Wednesday, November 20, 2013
The genome of a young boy buried at Mal’ta near Lake Baikal in eastern Siberia some 24,000 years ago has turned out to hold two surprises for anthropologists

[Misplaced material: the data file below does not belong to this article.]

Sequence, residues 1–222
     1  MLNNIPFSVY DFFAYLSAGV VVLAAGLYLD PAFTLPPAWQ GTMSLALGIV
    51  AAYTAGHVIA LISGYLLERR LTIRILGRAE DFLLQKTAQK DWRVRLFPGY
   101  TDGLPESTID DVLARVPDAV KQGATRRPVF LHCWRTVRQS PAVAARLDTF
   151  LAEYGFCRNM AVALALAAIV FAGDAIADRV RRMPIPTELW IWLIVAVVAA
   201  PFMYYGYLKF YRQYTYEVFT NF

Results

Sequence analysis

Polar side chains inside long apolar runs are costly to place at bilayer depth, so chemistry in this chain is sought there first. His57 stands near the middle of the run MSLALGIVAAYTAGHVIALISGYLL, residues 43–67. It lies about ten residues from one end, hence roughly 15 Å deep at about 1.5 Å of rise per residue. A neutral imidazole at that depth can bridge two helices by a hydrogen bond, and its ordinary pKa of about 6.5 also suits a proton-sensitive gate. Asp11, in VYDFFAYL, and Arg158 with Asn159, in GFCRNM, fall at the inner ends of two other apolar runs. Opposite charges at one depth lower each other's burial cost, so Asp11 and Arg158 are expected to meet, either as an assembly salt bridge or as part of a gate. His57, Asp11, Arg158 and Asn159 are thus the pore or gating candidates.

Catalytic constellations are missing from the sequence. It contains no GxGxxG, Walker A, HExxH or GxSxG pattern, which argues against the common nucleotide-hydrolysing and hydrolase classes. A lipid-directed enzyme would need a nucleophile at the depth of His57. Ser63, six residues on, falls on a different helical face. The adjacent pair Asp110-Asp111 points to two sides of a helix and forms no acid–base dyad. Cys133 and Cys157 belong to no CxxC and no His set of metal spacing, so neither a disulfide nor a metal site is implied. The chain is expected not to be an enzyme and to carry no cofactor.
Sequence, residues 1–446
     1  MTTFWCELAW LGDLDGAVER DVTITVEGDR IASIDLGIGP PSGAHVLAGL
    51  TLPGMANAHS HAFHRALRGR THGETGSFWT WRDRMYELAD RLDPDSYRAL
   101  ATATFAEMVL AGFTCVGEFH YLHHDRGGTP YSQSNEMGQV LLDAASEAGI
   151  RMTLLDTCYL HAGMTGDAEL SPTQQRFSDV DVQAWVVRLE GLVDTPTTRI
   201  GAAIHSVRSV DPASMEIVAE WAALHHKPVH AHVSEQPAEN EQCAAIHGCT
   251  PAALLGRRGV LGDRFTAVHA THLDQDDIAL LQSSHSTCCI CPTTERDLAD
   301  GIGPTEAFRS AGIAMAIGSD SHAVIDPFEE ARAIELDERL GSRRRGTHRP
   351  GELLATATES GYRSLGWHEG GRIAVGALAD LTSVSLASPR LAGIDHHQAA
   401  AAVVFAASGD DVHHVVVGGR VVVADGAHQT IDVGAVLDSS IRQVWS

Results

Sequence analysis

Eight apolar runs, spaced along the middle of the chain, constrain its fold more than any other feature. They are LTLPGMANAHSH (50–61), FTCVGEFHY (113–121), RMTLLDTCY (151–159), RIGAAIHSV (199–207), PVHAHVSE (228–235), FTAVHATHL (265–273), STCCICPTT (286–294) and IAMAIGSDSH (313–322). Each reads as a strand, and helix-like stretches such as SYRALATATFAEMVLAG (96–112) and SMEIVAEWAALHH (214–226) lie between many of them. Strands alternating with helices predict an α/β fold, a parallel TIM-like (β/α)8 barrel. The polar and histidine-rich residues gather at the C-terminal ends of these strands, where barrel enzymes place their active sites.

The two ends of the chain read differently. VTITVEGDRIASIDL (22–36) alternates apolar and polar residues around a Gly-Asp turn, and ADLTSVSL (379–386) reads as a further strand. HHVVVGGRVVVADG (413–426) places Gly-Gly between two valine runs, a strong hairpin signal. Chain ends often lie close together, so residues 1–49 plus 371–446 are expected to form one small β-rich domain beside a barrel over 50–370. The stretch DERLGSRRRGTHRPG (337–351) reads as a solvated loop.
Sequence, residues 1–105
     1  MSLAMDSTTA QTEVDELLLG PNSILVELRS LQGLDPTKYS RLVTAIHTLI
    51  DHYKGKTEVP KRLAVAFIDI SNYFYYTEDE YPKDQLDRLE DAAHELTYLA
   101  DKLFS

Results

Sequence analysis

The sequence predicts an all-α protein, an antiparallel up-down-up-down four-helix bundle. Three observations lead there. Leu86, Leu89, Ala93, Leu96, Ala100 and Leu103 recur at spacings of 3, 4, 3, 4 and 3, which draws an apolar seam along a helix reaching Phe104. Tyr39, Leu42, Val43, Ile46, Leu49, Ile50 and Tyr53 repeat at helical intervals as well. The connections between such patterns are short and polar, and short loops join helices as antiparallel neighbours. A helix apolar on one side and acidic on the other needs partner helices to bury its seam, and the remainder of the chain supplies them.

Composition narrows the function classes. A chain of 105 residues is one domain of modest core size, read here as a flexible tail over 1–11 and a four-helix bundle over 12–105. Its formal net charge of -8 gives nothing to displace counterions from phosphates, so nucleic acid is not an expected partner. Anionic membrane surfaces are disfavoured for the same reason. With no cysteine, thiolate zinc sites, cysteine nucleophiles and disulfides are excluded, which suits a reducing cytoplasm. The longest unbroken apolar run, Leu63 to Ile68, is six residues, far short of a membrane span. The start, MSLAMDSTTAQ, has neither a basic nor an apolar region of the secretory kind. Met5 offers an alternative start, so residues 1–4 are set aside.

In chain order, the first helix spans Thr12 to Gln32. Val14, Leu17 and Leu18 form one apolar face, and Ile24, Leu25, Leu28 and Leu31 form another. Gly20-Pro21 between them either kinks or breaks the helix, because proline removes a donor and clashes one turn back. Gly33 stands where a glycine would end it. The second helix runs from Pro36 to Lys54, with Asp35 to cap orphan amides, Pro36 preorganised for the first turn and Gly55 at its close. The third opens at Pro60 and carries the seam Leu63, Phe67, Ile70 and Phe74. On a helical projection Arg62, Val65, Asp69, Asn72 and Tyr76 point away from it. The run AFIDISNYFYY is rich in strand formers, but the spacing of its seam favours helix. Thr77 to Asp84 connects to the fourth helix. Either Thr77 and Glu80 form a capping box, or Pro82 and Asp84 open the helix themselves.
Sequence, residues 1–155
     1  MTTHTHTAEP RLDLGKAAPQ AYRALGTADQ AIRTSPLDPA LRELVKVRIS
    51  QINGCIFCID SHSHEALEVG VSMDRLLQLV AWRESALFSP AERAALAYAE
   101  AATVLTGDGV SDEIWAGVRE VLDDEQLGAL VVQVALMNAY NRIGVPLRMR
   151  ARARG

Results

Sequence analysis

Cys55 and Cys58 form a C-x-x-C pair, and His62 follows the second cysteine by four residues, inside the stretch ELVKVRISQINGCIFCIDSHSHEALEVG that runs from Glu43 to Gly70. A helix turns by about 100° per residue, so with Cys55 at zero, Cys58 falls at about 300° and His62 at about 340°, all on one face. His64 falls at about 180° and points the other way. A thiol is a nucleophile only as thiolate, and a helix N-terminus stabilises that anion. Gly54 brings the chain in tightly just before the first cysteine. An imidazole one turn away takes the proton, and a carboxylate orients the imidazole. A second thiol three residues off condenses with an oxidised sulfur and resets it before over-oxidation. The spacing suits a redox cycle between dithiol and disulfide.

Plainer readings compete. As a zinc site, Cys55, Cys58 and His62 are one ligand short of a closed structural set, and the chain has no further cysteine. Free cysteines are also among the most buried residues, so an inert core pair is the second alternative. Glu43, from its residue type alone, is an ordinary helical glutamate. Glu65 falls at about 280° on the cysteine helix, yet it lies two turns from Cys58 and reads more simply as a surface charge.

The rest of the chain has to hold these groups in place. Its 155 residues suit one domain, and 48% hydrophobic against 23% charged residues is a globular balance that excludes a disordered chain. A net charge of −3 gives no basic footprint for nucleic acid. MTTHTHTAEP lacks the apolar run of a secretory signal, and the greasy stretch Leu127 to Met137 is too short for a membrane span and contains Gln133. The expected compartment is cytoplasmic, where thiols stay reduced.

The first is that the boy’s DNA matches that of Western Europeans, showing that during the last Ice Age people from Europe had reached farther east across Eurasia than previously supposed. Though none of the Mal’ta boy’s skin or hair survives, his genes suggest that he would have had brown hair, brown eyes and freckled skin. The second surprise is that his DNA also matches a large proportion — about 25% — of the DNA of living Native Americans. The first people to arrive in the Americas have long been assumed to have descended from Siberian populations related to East Asians. It now seems that they may be a mixture between the Western Europeans who had reached Siberia and an East Asian population. The other surprise from the Mal’ta boy’s genome was that it matched to both Europeans and Native Americans but not to East Asians. The scientists' interpretation was that the ancestors of Native Americans had already separated from the East Asian population when they interbred with the people of the Mal’ta culture, and that this admixed population then crossed over the Beringian land bridge that then lay between Siberia and Alaska to become a founding population of Native Americans. The scientists estimate that 14% to 38% of Native American ancestry may originate through gene flow from this ancient population. A European contribution to Native American ancestry could explain two longstanding puzzles about the people’s origins. One is that many ancient Native American skulls, including that of the well-known Kennewick man, look very different from those of the present day population. Another is that one of the five mitochondrial DNA lineages found in Native Americans, the lineage known as X, also occurs in Europeans.